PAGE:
Hearts have a winner in iron lion Ryan . .
Having fallen by the wayside after being freed as a Chelsea trainee, Hearts is not quite the last chance saloon for a midfielder aged only 25. But it is certainly a second chance saloon when many players disappear into obscurity upon leaving the first.
Stevenson's effervescence ensures he will maximise the opportunity, granted when Jim Jefferies lured him to Tynecastle from Ayr United in January. His boundless energy and dominance were a prominent feature of Hearts' summer activities as someone clearly grateful for another crack at top-level football. He became a catalyst for the club's two pre-season victories, against Gillingham and Millwall, whilst performing the second striker role with intelligence and guile. It is somewhat frustrating, therefore, that he must now retreat from first-team business.
An SFA suspension will see Stevenson miss the season-opening encounter with St Johnstone this weekend plus the visit to Hamilton on Saturday week. The consolation is that Jefferies is unlikely to forget about the first signing of his second Hearts tenure. Not when he displayed an ability to dictate matches in such indomitable fashion.
Stevenson contends that he has finally "found his feet" after spending the second half of last season adjusting to full-time football in the SPL. He was Ayr's only full-time player in the First Division and initially found the promotion slightly overwhelming.
He is properly prepared to do himself justice this season and finally showcase his potential on a grand scale. "Sometimes you only get one chance at things. I've been lucky enough to get two bites at it," he said.
"I've been at Chelsea as a young boy and then kind of fell away from it. I had a couple of years at St Johnstone when I fell away. I went to Ayr and worked extremely hard for three years to try and get this move.
"I'm completely focused on the fact that I want to play every week for Hearts. I want to be a good player for Hearts and win things here. That's why I came here. I never really thought I was going to get this move. Now I'm here, I want to do well this season - score goals every week and win something.
"I'm confident enough that, if I do well here, then you never know what could be round the corner. I'm starting to get back to the way I used to play at Ayr, I think I showed it in the second half against Gillingham and against Millwall. That was the old me, the way I used to play. After I came to Hearts in January I struggled, I've admitted that. I struggled through to the end of the season, it was really just about me getting through the games and trying to find my feet.
"The recent games have been me playing the way I want to play. I've been getting the ball and going at players, trying to create chances. I feel a lot sharper and stronger and I'll be ready to go once the suspension is over. It's a massive blow for me that the manager is now shaping the team for the start of the season and I have to drop out. It's disappointing because I'm just getting into the way of things and getting match sharp. I have to stay positive.
"Hopefully, when my suspension is lifted, I'm still in the manager's thoughts. When my ban is lifted I want him to be thinking about me."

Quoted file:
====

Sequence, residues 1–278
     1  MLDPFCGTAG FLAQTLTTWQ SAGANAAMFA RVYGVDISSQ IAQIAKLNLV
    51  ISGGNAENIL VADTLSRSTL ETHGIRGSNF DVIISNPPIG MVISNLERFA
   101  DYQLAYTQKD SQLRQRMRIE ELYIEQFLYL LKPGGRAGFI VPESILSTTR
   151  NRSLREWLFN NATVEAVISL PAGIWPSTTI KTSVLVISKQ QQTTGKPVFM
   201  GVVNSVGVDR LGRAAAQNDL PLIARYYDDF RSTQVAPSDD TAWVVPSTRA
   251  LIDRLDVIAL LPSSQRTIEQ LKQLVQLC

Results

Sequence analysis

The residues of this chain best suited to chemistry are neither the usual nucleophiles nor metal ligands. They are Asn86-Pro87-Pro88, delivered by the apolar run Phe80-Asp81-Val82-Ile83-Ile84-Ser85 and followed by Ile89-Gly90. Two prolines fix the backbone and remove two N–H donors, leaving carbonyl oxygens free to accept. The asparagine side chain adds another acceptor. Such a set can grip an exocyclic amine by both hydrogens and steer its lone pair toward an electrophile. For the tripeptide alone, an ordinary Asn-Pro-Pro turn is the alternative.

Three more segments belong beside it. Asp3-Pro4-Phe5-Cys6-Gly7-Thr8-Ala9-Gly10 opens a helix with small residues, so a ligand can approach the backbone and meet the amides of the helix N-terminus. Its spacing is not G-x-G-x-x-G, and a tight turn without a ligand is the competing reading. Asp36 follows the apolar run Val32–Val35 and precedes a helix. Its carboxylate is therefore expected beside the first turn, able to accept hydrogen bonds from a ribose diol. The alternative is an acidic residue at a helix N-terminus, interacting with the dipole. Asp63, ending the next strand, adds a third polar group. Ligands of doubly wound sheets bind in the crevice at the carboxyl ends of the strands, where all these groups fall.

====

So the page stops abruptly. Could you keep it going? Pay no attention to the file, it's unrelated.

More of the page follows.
But will Jefferies consider Stevenson as a midfielder or a forward when he is available? "Big Kev (Kyle] will be coming back, David Obua will be coming back so if he wants me to play up front I've got a bit of competition.
"Wherever I play, competition is something I really enjoy. I played as a striker a couple of times with Ayr. I scored a couple of goals and I really liked it. I also did it last season against Dundee United at Tynecastle. I haven't done it that much but I'm thoroughly enjoying it up there. I can go forward as much as I want because I don't need to track back."
Not that he objects to any donkey work. Lung-bursting runs are part of Stevenson's make-up and doubtless one of the initial attractions for Jefferies. "It doesn't necessarily come naturally," laughed the player. "It's always been ingrained in me the fact that, if you work hard, then you'll play better. I always try to work as hard as I can. If you're having a bad day but you're still chasing and closing people down then you're still helping the team.
"The fans pay good money to come and watch us. The least they deserve is me to be giving 110 per cent every week.
"I enjoy playing up front and getting in about centre-backs when they are big and strong.
"Billy Brown, our assistant manager, has spoken to me and said that naturally I will drop into the hole. I think they want me to drift in there, get on the ball and try to make forward passes. I've done that at times in the pre-season games and things have gone really well."
Gradually, the natural ability which prompted a club of Chelsea's stature to sign Stevenson as a teenager is coming through. If at first the SPL was a little daunting, perseverance allied to improved fitness levels is paying off.
"It's a lot to do with confidence after you make the step up like I did, going from part-time to full-time," he explained. "It's a lot to take in. The standard at Ayr compared to Hearts doesn't stand up. I was training with 16-year-old boys every day and playing in the First Division, then I came in and played for Hearts against Celtic on a Tuesday night when I should have been playing against Brechin.
"I've moved up with my wife from Ayr, which has taken time as well, but I'm starting to find my feet now. Recent games have been more like myself but I've still got miles more to come. I know myself that I can play a lot better and that's what I'm looking to do."
He'll have to wait a couple of weeks, but Ryan Stevenson may just prove to be one of Hearts 'most influential players of the season ahead.